Vanessa Curtis on writing inclusive books
Published on: 5 Tachwedd 2014 Author: Alex Strick
BookTrust consultant Alexandra Strick talks to author Vanessa Curtis about her new novel The Baking Life of Amelie Day, and creating inclusive books which successfully inform readers without making disability or illness an 'issue'.
How did The Baking Life of Amelie Day come about?
I'd always wanted to write a book about a girl who bakes, as I enjoy devising recipes. I'd also seen a documentary about kids with cystic fibrosis, a life-limiting lung illness and wanted to explore the subject further.
What made you choose to combine these two very different themes - life-limiting illness and baking?
I found out that kids with cystic fibrosis need to eat a lot more calories than people usually do - they lose weight more easily. So I thought that making Amelie a baker would illustrate this - not only does she bake the recipes, she also eats them all as well!
There is a definite sense of authentic detail in the descriptions of Amelie's day-to-day life with cystic fibrosis - did you carry out any research into the condition?
I did - I followed the blog of Victoria Tremlett, a young adult who lives with Cystic Fibrosis and also got some very helpful advice from Ollie Jackson who also lives with the condition.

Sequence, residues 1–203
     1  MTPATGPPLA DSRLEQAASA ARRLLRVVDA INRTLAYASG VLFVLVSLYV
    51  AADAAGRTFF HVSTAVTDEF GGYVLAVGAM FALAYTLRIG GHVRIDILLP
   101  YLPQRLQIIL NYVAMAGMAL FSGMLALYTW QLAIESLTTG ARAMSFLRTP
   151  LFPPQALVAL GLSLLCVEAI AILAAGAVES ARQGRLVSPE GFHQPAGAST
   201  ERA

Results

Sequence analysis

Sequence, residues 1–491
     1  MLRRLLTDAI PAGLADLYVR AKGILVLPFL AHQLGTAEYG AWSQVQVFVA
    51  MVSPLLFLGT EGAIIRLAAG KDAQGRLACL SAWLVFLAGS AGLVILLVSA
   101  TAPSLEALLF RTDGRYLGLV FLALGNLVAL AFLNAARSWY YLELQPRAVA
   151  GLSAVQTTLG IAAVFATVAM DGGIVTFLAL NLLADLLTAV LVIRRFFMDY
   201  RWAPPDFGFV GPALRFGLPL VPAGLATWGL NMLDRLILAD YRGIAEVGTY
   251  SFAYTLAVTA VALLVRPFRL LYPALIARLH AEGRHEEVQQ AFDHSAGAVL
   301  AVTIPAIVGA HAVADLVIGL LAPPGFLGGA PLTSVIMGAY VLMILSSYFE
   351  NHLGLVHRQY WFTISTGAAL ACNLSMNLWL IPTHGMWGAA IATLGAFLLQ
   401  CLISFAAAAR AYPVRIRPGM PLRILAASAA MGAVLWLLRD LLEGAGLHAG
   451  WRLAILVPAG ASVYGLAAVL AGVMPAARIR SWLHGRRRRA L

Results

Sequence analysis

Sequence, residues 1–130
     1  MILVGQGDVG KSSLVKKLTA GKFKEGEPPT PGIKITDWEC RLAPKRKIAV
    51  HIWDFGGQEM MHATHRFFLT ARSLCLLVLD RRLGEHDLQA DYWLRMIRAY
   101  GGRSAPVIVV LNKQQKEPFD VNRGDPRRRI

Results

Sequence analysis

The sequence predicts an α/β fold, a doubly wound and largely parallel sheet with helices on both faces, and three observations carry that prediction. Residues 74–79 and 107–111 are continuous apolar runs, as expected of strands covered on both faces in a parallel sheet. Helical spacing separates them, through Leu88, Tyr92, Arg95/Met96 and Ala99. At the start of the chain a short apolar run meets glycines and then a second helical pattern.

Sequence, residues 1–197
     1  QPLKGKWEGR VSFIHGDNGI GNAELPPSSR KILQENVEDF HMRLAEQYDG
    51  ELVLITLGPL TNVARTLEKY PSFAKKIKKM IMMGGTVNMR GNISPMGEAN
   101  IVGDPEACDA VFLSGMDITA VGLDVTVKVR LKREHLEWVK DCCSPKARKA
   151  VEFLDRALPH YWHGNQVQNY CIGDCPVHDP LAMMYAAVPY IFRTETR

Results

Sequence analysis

How important was it to you to ensure a sense of accuracy in terms of the depiction of someone with the condition?
I think it's paramount, really, if you're trying to convey a true sense of what something must be like to live with. I wouldn't want to have offended anybody with cystic fibrosis by not doing justice to the subject matter, so it was important to research and double-check in order to get the details of the illness just right.
Amelie tells her mum that she is not like 'most kids' but actually, aside from the Cystic Fibrosis and the baking obsession, she is in many ways a typical teenager, with the usual preoccupations - her boyfriend, friends and homework. Was this important to get across?
Definitely - I didn't want Amelie to be defined by her illness at all, but rather to be enjoyed as a feisty, individual and determined teenager who was determined to achieve her dreams.
The chapters are interspersed with some of Amelie's recipes, guaranteed to motivate young people to pick up a wooden spoon and get baking themselves (they have certainly inspired us at Bookmark - we baked the golden syrup cookies this afternoon!) Where did the recipes come from?
I hope your cookies turned out well! That particular recipe was from an ex-pupil of mine and the others were mainly adapted from recipes I got from friends and family.
Have you got any personal experience or knowledge of disability issues that has influenced your writing?
Not really, which is why I was so keen on researching the condition very carefully. I do however remember that sense of trying hard to fit in with the other kids at school and I drew on some of those memories when I wrote the school scenes in 'Amelie Day.'
To what extent do you intentionally write 'inclusive' books and to what degree extent does it just happen naturally?